I am sorry to say that 2018 was a terrible year for many of the daffodils grown in the UK.  The daffodils that were grown for my 2018 Scented Daffodil Trial experienced snow at the end of March, at a time when many of my trialled daffodil cultivars were grown, some of my daffodils stood poised and ready, just thinking about blossoming and coming into flower. 

April is such a magical time of year!  It’s quite simply awe inspiring to see the landscape being painted by mother nature in every beautiful shade of green, as more leaves unfurl and the view becomes ever greener each day.  I love to be outside, surrounded by the birds singing and bees buzzing.  On warm days you may see butterflies flying: look out for the green toned Brimstone butterfly this month. 

Remembering loved ones

When you’ve lost someone you love, it’s natural to want to arrange a fitting memorial and to plan a meaningful tribute in their memory.  Memorials of any kind are such a personal choice, but I want to help you by sharing some information and ideas of ways that you could leave a lasting legacy, one that will beautifully celebrate the life of someone close to your heart, whilst being kind to the environment. 

I love our planet, I love plants and nature.  I want to protect our environment.  I want to live more sustainably.  Sustainability is not a new desire for me, it is something that I have always aspired to.  Firstly though I must tell you that I am far from perfect, I make mistakes and I am always learning.  I want to improve, I want to make changes to live more sustainably and to live ethically. 

The RSPB Big Garden Birdwatch 2018

If you’re in need of some time out, a delightful and quite simply enchanting activity that you can take part in this weekend is the RSPB Big Garden Birdwatch 2018 – spending a restful, restorative hour watching and counting birds.

The RSPB Big Garden Birdwatch is a marvellous activity to share.  You could snuggle up by the fire and count the birds that you see from your window, or you could wrap up warmly to count birds in the park, at your allotment, or why not join a birdwatch at your school or college, or during your lunch break at your place of work.  

I love growing sweet peas!  I hope to inspire and encourage you to grow your own sweet pea plants, so that you can experience these wonderful plants for yourself.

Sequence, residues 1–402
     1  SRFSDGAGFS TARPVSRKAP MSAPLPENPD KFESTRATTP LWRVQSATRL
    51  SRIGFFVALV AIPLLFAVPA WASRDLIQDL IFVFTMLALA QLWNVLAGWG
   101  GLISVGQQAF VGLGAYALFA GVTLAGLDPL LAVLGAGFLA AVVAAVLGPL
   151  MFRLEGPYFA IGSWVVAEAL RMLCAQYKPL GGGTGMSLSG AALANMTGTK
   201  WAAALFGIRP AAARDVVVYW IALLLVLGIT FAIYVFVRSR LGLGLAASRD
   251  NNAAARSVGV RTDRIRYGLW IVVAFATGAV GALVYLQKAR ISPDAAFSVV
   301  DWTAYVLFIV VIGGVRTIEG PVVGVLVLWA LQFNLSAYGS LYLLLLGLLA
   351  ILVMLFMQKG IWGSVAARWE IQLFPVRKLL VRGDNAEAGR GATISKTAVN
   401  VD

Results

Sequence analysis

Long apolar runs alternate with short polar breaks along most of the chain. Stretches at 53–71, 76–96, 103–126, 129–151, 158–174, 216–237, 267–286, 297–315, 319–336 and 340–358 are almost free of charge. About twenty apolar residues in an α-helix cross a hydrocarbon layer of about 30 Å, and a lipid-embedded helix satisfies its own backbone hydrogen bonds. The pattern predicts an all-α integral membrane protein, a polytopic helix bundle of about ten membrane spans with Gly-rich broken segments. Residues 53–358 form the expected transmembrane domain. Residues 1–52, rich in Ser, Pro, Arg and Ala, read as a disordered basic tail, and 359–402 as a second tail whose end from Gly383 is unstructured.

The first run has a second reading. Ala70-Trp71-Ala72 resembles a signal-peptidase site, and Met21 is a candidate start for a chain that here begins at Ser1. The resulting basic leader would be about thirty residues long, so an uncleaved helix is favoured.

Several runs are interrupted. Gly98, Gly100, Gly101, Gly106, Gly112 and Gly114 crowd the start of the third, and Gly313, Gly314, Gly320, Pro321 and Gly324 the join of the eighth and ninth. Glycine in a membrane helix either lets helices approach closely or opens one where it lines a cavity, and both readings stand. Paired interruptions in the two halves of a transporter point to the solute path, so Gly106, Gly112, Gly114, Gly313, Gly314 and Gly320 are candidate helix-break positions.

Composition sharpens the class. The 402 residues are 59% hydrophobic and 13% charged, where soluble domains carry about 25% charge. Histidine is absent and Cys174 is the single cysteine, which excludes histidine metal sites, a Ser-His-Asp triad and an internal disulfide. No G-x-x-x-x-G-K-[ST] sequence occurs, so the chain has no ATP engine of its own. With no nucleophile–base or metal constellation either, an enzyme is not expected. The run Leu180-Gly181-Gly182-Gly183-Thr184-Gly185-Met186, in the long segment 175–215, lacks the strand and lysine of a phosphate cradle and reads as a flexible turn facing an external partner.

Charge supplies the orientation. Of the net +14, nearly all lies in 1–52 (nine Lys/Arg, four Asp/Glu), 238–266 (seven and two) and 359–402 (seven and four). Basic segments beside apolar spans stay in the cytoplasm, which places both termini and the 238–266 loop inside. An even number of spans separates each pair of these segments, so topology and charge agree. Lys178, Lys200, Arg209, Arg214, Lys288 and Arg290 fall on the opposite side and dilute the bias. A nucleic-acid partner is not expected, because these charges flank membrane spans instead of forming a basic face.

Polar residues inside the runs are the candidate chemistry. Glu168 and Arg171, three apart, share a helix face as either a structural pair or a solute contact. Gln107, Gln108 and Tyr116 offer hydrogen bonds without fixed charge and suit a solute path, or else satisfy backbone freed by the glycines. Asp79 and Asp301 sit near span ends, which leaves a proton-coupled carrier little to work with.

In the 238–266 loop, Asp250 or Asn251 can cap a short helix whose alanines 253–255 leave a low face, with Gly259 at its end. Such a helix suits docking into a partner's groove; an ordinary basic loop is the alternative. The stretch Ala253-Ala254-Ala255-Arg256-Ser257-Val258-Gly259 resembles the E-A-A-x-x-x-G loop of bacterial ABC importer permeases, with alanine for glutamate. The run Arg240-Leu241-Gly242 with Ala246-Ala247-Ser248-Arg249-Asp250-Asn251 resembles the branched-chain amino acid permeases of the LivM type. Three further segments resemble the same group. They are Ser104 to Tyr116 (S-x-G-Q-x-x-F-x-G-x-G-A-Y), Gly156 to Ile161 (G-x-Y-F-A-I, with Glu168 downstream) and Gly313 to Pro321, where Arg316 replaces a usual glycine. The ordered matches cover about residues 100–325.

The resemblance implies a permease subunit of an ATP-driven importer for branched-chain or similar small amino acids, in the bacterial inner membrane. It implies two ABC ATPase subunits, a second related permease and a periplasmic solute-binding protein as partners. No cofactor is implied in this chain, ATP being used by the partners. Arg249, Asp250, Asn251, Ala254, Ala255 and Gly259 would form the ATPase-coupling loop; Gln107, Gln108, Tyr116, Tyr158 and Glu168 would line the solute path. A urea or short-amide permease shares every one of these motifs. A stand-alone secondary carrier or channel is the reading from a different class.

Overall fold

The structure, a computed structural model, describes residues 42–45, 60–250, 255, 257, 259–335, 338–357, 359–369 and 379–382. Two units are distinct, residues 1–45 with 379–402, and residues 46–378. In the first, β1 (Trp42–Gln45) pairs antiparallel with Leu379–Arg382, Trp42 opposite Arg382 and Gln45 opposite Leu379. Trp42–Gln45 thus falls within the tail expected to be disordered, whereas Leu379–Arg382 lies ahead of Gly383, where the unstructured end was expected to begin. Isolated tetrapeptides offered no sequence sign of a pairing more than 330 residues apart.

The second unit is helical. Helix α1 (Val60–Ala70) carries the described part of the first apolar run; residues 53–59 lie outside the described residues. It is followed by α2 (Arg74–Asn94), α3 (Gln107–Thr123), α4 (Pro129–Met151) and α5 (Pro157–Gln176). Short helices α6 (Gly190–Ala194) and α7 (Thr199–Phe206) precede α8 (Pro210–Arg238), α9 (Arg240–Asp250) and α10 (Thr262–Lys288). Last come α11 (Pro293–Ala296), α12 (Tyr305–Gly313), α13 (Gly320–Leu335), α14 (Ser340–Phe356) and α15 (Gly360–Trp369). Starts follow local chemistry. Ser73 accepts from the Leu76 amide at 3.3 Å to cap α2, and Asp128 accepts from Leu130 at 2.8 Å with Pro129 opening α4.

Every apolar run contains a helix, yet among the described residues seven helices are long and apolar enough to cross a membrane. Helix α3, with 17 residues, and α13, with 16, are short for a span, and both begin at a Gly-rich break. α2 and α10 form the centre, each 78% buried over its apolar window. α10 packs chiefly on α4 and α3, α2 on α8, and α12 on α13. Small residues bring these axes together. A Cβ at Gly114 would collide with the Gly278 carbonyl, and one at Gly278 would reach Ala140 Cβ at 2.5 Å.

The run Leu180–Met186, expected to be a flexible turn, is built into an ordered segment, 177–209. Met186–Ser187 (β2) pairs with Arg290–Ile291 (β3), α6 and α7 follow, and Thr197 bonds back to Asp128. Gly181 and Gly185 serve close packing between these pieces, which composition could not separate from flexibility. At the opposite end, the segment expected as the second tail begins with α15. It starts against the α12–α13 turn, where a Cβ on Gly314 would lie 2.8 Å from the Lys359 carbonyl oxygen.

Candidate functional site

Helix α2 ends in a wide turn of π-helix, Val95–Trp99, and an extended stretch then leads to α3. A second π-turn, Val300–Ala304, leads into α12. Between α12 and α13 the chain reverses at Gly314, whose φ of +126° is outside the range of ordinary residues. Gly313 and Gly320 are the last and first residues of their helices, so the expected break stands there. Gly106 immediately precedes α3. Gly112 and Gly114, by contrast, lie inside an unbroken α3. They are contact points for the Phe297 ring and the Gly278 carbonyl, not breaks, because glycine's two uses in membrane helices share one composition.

Sweet peas, also known by their botanical name of Lathyrus odoratus, are beautifully fragrant, hardy annuals.  Throughout my ongoing Sweet Pea Trials, I work to provide my readers with a wealth of information to help you to learn how to grow the healthiest, most floriferous sweet pea plants, that will produce the earliest flowers, with the tallest flowering stems over the longest flowering period!

If you’re looking for some time out, a lovely and relaxing activity that you can take part in this weekend is the RSPB Big Garden Birdwatch 2017 – simply spending a restful, restorative hour watching and counting birds.

The RSPB Big Garden Birdwatch is a delightful activity to share.  You could snuggle up by the fire and count the birds you see from your window, or wrap up warmly to count birds in the park, or at your allotment.  

Life can be busy and stressful, it’s not always easy to make time to stop, relax, and appreciate the beauty of nature.  If you’re looking for some time out, a lovely and relaxing activity that you can take part in this month is the RSPB Big Garden Birdwatch 2017 – spending a restful hour watching and counting birds.

The RSPB Big Garden Birdwatch is a delightful activity to share.  

I received this beautiful holly as a gift from a group of very special friends this autumn.  This Ilex ‘Nellie R. Stevens’ specimen was purchased from Squire’s Garden Centre in Milford, Surrey, where it was described as an ‘Instant Impact’ plant.  This standard holly cost £99.99, the plant is guaranteed by Squire’s for three years from the date of purchase.  

Though I didn’t find 2016 to be a particularly successful year for growing Sweet Peas – the plants grown for my 2016 Sweet Pea Trial didn’t produce as many flowers as I had hoped, my love of Sweet Peas has not diminished in strength.  I love Sweet Peas.  I highly recommend that you experience growing these magnificent annual flowers.